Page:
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Recently, Tide has turned

Alabama is now rolling

Before the season, the hype in the Southeastern Conference had been about Florida and new coach Urban Meyer, about Georgia, about South Carolina and new coach Steve Spurrier, about Tennessee, about Auburn, and about Louisiana State.

But Alabama? Sure the Crimson Tide were the most storied program in the SEC. But coach Mike Shula's team seemed no more than an afterthought as it appeared set only to struggle for respectability.

Well, the Tide are now 3-0 following a 37-14 romp over South Carolina Saturday that was so impressive one could almost hear the ''Roll Tide" chants starting to build. ''They could have beaten us 50-0," said Spurrier, who had to endure the worst home loss of his career.

''We showed everybody on TV we're for real," said Alabama tackle Kyle Tatum.

Said Shula, who has endured his share of slings and arrows the past few years, ''We'll take it, but that doesn't mean we've arrived or we're there."

With home conference games against Florida, Tennessee, and LSU, don't be surprised if the Tide are ready to roll into the SEC West slot of the title game by the time they travel to Auburn for their traditional Iron Bowl encounter Nov. 19.

While Alabama, which was unranked in the writers' poll and No. 24 in the coaches' poll last week, was looking for respect, No. 1 Southern California was adding to the amount of respect it already receives with a 70-17 pounding of Arkansas in its home opener.

''I definitely think we're starting to send a message about the offense, that we've got a lot of weapons," said all-purpose talent Reggie Bush, who scored the first two times he touched the ball and was part of an offense that scored the most points of any USC team since 1970. ''The teams that are going to be playing us, you'd just better be ready."

Since the Trojans play four of their next five games on the road, including one against an unbeaten Oregon team that outlasted previously unbeaten Fresno State Saturday night, 37-34, the whipping of the Razorbacks served to say, ''If you want us, here we are."

USC coach Pete Carroll could only shake his head at the way the Trojans have been piling up the points, Saturday building a 28-7 lead in the first quarter and a 42-10 bulge at the half. ''I can't ask them to score slower," said Carroll. All USC did was score the first eight times it had the ball.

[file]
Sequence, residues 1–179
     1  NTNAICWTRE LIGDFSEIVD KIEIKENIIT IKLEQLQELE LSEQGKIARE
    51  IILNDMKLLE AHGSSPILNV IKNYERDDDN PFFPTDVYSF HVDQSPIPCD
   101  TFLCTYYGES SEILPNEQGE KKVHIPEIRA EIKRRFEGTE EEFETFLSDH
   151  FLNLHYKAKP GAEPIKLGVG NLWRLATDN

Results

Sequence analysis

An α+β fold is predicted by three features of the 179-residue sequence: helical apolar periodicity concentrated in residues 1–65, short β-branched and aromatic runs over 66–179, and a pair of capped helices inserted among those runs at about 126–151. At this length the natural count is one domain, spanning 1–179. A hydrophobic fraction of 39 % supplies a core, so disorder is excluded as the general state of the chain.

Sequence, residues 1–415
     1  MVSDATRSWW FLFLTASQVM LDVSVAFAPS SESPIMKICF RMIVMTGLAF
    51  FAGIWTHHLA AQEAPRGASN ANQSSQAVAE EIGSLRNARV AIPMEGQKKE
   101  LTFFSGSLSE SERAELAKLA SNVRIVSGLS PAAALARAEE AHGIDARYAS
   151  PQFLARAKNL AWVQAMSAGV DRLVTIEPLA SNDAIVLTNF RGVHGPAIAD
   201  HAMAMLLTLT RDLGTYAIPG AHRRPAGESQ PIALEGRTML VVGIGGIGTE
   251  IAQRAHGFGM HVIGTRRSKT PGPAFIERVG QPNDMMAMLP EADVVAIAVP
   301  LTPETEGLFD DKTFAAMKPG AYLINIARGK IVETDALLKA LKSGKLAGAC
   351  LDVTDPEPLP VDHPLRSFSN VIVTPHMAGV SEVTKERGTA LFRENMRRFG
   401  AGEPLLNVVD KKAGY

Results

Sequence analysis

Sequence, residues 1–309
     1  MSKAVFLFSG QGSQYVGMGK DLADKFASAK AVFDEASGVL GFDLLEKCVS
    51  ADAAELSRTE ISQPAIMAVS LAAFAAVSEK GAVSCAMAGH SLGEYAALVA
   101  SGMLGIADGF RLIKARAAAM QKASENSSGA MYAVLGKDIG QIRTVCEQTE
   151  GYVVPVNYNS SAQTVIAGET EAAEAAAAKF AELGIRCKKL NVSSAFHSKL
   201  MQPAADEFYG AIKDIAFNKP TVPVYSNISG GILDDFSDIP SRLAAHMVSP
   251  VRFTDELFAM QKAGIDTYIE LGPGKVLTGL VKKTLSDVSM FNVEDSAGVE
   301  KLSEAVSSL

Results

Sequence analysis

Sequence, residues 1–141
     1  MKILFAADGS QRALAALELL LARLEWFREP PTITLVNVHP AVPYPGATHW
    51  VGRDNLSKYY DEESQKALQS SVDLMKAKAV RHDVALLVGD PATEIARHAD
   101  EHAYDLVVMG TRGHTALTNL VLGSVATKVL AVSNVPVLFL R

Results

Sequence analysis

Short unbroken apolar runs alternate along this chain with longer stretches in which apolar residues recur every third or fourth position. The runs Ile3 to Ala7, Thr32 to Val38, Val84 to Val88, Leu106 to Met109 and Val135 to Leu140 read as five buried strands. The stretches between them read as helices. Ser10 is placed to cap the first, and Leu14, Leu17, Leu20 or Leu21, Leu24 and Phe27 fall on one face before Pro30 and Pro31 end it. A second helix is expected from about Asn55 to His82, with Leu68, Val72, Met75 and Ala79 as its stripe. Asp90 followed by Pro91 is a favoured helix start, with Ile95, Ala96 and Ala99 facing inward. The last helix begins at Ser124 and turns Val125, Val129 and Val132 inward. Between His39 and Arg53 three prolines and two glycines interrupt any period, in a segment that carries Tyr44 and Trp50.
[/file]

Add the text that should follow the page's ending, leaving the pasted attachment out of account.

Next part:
Across town, UCLA was improving to 3-0 with a 41-24 win over Oklahoma, which could mean it will be an interesting rivalry game Dec. 3 between the Trojans and Bruins.

Club on beam

Do you think Virginia Tech is ready for this weekend's battle with Georgia Tech? The Hokies rolled over Ohio University, 45-0, Saturday, which combined with a 45-0 win over Duke last week, gives Frank Beamer's club a two-game victory margin of 90-0 . . . Welcome to the roller coaster ride that is Southern Methodist. The Mustangs pulled off a tremendous upset last week when they knocked off a Texas Christian team that had upset Oklahoma in Norman the week before. Saturday, SMU got a reality check when it faced old Southwest Conference rival Texas A&M. Final score: Texas A&M 66, SMU 8 . . . When new Stanford coach Walt Harris saw California-Davis on his schedule this year, he must have smiled and shaken his head. A few years ago UC-Davis was playing Division 2, and while the game might have looked easy for the Cardinal, the risk-reward ratio was off the charts. This season Cal-Davis upgraded to Division 1-AA and scheduled Stanford, which built a 17-7 lead. Final score: UC-Davis 20, Stanford 17. ''I'm feeling ill," said Stanford defensive tackle Babatunde Oshinowo. ''Davis came to play and we didn't. This was one of the worst games I've ever seen."

It was the pits

It was a bad weekend for coaches with Pitt ties. Not only did Harris, who coached the Panthers to a Fiesta Bowl berth last season, lose to UC-Davis in his home debut, but his old team, guided by former NFL coach Dave Wannstedt, dropped a 7-6 decision to Nebraska, which left Pitt with an 0-3 record and more and more restless fans . . . Miami pulled out a 36-30 overtime win over Clemson Saturday, which was the good news for the Hurricanes. The bad news? The normally overpowering Canes offensive line has allowed 14 sacks in two games against Clemson and Florida State . . . Notre Dame's loss to Michigan State now puts even more focus on the Irish's meeting with Washington and former coach Tyrone Willingham Saturday. An Irish win will put coach Charlie Weis's team back on track. A loss? After the hoopla following Notre Dame's first two wins, dropping to 2-2 would be hard for Leahy's Lads to swallow, especially with unbeatens Purdue and USC waiting for them the next two games . . . Why is Tennessee-Florida, won by the Gators, 16-7, Saturday night, such a big deal to the faithful of both teams? Since 1992, when the SEC went to its two-division format, the winner of the Florida-Tennessee game has won the SEC East nine times. ''It's a tough loss, but it's not the end of the season," said Tennessee coach Phil Fullmer. No, but a loss at LSU this weekend could speed up that process.

Material from wire services was used in this report.

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